As a biohacker and citizen scientist, I have a lot to consider about personal responsibility.
Biohacking and science can be dangerous places to play. And because those like me are taking it into our own hands, we have to take the consequences into account. Not just for our own safety, but the safety of others. It’s not our responsibility to control others, but it is our responsibility to consider consequences when we involve others.
Two years ago, I made a pretty big mistake.
I was involved in one of the most sciency low-budget citizen science projects at the time (I might be biased). It was a small group of people who were looking for another data sample. I was a unique entity among my kind because I was female. Because I wanted to be a big shot and had not yet been diagnosed with bipolar, I took on the role of female data point. I was in a hypomanic state. I did not fully understand the consequences. It should have been obvious, especially considering I had recently had panic attacks, had taken on an internship with Dangerous Things, and worked a very high stress job, but that’s not how hypomania works and I know that now. People usually just thought I was extremely put together. And I believed I could do way more than makes logical sense. But, at the time, I thought I could do anything, if I just had the “right” attitude. There are versions of me at different times in my history that would know better, but not me at that time.
I was upfront about the medication I was on, assuming the guys I perceived as running the show would disqualify me. But they didn’t. We were citizen scientists and I did not yet fully understand what that meant. I loved the idea, but had not fully grasped the scope of the responsibility.
I lost the weight. I did the prep work (so I thought). I paid in my contribution. I was enthusiastic.
Then, barely into the experiment itself, I crashed really, really hard. Not only was the diet of unsweetened soylent miserable and I was having a hard time feeding myself (and, being an emotional eater and only having soylent compounded this), but I had too many high stress things going on and the depression part of bipolar struck hard.
I wanted to die. I had a plan and almost followed through. Parts of what made me not consisted of how bad it would make the project look, how bad it would make women look because I thought I was being weak, part of it was fear, and part of it was that, on some meager level, I wanted things to get better instead of dying. I was doing this, in part, because I wanted to live forever, right? Fortunately, I called someone and things improved in my mind, but I took out a lot of my frustration on the study.
There were flaws with the study… not the idea or setup in principle, but the follow through was imperfect in many ways. We were all more-or-less beginners, some were just more educated than the others. But the responsibility of what happened to me does not fall to them, it falls squarely on me.
I ended up dropping out of the study which was the correct decision (but unfortunately, not without doing harm before I left). The decision just happened later than it ought to have. Which was before it began.
I should never have been part of the study. I was not psychologically suitable for it. As a citizen scientist, you are working with peers, not overlords who are expected to be perfect and have all the correct answers. As a citizen scientist, you accept a responsibility to be careful, because no one is regulating you. You accept the responsibility to be self-aware and not fool yourself. No laws prevent people from self-experimenting (save drug laws – lame) and they shouldn’t, in my opinion, as it only adds to ignorance and sense of fear and loss of personal responsibility. So, when one does self-experiment, by themselves or with others, assuming transparency, they take on the consequences and there is no one to blame if things go wrong.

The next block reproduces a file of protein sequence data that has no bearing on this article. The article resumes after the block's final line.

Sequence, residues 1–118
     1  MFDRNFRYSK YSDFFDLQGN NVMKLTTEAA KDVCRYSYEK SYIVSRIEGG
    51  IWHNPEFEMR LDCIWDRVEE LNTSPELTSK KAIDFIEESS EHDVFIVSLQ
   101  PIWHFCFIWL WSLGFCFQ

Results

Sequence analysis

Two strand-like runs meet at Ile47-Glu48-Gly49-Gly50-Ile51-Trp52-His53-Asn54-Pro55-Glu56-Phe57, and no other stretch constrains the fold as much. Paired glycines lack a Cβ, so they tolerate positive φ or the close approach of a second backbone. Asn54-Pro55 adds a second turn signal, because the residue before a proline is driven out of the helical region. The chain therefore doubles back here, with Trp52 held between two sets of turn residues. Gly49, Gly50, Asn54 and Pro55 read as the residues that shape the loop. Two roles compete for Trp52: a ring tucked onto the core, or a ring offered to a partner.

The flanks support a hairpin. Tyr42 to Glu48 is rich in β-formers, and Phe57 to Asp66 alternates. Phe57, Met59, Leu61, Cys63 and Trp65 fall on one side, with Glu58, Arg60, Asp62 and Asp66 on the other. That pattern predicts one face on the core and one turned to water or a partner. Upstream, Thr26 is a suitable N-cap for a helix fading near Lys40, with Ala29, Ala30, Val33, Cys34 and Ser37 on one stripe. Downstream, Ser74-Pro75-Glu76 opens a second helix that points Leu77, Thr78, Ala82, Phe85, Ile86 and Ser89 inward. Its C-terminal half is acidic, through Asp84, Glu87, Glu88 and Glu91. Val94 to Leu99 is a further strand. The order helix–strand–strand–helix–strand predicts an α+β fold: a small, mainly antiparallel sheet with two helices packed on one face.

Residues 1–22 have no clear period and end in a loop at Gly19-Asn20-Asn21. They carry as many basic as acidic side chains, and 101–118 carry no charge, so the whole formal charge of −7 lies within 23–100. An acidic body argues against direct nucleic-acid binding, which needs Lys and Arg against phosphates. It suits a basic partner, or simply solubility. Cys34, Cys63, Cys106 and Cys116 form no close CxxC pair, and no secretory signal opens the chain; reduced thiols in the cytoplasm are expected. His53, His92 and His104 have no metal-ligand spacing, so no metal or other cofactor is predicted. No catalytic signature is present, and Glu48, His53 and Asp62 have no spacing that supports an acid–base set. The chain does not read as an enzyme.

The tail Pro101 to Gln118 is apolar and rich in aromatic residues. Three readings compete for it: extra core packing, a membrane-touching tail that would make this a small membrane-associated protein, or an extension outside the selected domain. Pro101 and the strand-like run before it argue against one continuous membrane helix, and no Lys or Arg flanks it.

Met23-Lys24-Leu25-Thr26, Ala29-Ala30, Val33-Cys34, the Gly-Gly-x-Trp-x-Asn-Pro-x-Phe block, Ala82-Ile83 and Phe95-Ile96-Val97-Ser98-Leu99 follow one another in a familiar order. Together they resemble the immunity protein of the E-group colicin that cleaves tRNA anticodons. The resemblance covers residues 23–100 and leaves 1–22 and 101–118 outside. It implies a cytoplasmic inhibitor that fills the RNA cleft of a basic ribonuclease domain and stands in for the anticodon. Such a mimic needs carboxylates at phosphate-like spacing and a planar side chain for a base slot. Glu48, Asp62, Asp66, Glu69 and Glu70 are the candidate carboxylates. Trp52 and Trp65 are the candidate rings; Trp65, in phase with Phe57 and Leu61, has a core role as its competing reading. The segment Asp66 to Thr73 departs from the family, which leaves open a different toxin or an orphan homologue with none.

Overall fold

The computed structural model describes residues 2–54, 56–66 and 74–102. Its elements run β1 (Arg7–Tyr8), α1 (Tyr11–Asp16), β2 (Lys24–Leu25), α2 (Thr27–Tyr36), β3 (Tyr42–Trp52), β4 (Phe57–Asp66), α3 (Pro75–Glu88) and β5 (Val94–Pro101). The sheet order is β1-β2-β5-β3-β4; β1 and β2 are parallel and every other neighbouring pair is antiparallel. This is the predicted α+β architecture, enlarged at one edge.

Being self-aware is an important aspect of citizen science. Understand your limits. Some gauge conservatively beforehand and that works well for them. For others, one must go past them to realize what they are. I did. I just wish it wasn’t a mistake that involved other people. No one died or got injured or anything, but the study was compromised and I disappointed myself and others.
I learned humility in a new way. I’d gained it in certain circumstances, but definitely not that one. I’d also confused it with feeling inferior. I didn’t have the self-awareness to know it then.
But I adapted. I have it now and it’s an important quality in science. That’s what it’s about. In citizen science as well as in life, it’s about being willing to understand more, learn more, and change when needed in order to see reality better. And it’s taking ultimate responsibility for your learning process once you have control of it (i.e. public school can be a devastating imposition on some people’s learning process; but, when you realize you can make it yours, you get the responsibility for it from that point forward. It’s not that the things of the past won’t affect you, but you get to decide how to deal with it).
I’m not interested in winning arguments or looking superior. I’m not interested in being afraid and shying away. I am interested in getting closer to understanding reality. Running and/or participating in experiments is just a small part of that. Changing one’s mind and adjusting to new information is far more important. It’s what enables citizen scientists to be good sharers and help contribute to real progress.
Science can be hard. Self-awareness can be hard. But they’re worth it. So go for it. Proceed thoughtfully, not fearfully.
Get ready to embrace reality.